What does it look like when the dark forces of the world are set free? Pretty bad, it turns out. Over the novel’s two day span, Arne the university professor (whom previous readers of Knausgaard will recognize as a thinly-veiled version of Knausgaard himself) crashes his car, alienates his daughter and mother, and takes his unresponsive wife to the psychiatrist for an extended stay after she tears the head off the family cat; Kathrine the priest sees a dead man multiple times, loses all interest in her marriage, and questions her vocation; Egil, the dilettante cabin-dweller living on inheritance, idles away the hours with booze and desperately avoids visits from his teenage son who lives with his ex-wife; Turid the nurse chases a runaway patient into the woods, narrowly avoids some humanoid locusts, and finds her son unconscious after a suicide attempt; Jostein the journalist, Turid’s husband, goes on a drinking binge, unabashedly cheats, and ventures into some kind of Dantesque underworld in search of the suicidal son he’s neglected; Iselin the unhappy psychology student runs into a creepy former high school teacher and sort of floats around unhappily; three members of a satanic death metal band wind up decapitated and skinned (by agents of the apocalypse); a man’s six year old daughter gets hit by a bus then reappears underneath a tree in a park; and a million cigarettes are smoked.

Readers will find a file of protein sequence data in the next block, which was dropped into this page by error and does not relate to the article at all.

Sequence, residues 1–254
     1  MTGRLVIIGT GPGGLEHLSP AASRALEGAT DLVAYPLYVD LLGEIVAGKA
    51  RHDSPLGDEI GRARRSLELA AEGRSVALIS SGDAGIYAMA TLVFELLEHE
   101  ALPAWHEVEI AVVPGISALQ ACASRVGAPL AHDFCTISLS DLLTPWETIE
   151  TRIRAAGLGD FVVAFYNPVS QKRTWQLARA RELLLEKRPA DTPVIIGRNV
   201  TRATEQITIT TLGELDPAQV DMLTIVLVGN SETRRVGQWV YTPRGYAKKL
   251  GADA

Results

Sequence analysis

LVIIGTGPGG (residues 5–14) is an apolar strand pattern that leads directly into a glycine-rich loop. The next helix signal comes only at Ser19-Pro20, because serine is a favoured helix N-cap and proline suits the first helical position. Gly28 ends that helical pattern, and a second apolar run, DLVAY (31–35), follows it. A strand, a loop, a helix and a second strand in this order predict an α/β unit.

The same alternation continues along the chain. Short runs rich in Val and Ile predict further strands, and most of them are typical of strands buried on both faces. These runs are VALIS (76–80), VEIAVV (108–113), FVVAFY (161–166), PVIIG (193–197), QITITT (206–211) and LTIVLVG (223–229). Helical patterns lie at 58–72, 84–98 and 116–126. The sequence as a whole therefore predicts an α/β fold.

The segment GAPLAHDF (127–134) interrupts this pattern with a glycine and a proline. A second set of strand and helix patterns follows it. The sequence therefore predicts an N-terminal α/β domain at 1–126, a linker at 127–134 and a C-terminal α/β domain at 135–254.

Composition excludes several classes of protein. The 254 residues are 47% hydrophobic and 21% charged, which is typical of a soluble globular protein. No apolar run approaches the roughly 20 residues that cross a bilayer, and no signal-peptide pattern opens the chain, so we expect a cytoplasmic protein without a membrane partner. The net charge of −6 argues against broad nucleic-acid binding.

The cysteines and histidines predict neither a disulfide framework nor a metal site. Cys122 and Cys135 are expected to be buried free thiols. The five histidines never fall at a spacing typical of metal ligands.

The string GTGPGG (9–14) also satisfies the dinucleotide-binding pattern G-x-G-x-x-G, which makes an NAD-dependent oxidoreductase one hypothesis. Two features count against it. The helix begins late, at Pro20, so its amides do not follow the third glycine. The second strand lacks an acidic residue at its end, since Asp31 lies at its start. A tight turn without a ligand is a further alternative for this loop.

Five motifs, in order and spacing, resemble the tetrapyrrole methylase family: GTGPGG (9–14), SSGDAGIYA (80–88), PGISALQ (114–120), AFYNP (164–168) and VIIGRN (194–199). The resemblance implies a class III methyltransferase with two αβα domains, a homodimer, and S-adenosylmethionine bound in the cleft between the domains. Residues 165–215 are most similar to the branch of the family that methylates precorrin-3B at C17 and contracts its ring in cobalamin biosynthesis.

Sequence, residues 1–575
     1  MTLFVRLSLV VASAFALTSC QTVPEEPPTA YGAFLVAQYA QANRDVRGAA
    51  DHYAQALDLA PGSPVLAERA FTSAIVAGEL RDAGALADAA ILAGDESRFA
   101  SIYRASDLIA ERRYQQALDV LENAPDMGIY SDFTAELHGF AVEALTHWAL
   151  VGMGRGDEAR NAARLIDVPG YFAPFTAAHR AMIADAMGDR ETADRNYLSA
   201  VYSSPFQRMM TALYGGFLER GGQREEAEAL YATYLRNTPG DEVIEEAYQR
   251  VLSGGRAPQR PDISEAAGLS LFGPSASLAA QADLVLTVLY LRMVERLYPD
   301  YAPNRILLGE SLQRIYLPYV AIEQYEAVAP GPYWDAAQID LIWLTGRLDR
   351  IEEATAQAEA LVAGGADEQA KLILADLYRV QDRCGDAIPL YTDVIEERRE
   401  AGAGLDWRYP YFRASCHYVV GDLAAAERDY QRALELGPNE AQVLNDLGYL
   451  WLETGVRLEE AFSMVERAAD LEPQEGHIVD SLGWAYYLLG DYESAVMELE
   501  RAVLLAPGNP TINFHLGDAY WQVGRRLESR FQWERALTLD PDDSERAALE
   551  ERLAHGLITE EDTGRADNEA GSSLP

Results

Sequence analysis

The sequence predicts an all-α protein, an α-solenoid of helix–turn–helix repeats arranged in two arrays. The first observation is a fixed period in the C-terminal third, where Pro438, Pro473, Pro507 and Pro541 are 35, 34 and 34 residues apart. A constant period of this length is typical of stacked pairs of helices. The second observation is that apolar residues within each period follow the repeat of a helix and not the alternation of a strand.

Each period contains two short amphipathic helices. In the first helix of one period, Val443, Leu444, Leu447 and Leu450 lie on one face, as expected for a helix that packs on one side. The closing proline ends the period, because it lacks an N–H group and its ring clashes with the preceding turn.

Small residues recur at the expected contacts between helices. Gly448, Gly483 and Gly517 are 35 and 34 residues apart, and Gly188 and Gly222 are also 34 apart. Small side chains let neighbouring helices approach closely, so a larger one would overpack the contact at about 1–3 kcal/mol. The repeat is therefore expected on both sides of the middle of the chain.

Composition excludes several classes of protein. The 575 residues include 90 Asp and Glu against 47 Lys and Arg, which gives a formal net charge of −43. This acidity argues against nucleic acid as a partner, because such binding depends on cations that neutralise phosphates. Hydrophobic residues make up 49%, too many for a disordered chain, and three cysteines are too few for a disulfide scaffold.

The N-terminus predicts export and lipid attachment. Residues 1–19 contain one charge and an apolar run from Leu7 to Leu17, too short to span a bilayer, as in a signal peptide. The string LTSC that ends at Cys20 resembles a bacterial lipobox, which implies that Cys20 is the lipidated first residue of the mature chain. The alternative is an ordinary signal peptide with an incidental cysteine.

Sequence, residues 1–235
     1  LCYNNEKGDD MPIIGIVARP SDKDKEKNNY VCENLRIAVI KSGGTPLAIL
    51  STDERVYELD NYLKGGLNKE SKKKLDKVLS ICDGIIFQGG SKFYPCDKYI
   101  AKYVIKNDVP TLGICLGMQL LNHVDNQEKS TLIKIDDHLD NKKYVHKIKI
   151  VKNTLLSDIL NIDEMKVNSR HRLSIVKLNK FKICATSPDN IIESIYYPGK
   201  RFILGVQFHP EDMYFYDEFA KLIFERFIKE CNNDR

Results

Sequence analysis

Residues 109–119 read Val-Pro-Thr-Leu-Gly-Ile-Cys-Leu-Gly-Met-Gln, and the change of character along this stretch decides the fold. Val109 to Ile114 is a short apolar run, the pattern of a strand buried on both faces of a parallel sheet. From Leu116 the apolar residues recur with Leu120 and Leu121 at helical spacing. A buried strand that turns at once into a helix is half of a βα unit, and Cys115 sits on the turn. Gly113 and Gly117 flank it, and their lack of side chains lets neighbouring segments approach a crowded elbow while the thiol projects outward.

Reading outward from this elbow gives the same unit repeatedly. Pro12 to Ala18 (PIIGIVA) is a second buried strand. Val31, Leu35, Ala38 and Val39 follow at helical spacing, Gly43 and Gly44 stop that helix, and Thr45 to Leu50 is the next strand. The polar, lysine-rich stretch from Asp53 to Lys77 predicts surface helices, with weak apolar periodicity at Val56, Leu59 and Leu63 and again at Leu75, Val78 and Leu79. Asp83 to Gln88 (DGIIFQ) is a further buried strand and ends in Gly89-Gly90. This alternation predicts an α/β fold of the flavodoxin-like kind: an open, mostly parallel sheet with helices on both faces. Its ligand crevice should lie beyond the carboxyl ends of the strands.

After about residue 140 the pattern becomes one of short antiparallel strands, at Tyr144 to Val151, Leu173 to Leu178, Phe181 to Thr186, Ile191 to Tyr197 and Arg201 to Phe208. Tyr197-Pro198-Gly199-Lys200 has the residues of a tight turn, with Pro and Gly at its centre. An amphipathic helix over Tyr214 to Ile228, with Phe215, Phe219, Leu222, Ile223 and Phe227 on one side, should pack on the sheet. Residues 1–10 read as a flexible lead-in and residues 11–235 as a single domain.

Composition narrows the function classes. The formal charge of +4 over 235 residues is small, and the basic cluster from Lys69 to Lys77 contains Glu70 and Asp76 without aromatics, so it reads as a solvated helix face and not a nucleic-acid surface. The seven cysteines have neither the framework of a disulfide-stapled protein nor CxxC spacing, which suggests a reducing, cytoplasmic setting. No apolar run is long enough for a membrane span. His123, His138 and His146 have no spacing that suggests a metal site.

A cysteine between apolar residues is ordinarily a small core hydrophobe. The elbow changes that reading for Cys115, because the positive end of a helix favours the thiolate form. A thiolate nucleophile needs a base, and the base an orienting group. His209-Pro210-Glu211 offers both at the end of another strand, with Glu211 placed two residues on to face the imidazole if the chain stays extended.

Events-wise, this is the gist. The characters see the morning star appear in the night sky, a repeated image from the Bible (including twice in Revelation) that in some instances signifies Christ, in others the devil. They see demons, madmen, and dead children. Then, inevitably, they go back to their lives. As in Gogol’s “The Nose” or Kafka’s Metamorphosis, the characters learn to live with their strange new realities without asking too many questions. This, we feel, Knausgaard gets right and is all too human.

The novel is told from nine different first-person perspectives, which itself is a notable departure from Knausgaard’s previous work. Most of his fiction is marked by a first-person but more-or-less autobiographical narrator, as exemplified by My Struggle. Recasting Biblical stories is not new for him (his 2004 novel, A Time for Everything, reimagines Old Testament stories in light of human interactions with angels), but he’s never written from a woman’s perspective, for example, or a doctor’s or a priest’s. Knausgaard is nothing if not ambitious, and whether he’s read Faulkner’s As I Lay Dying (or McEwan’s Atonement) or not, he attempts something similar in The Morning Star, showing the same events happening from multiple interwoven perspectives.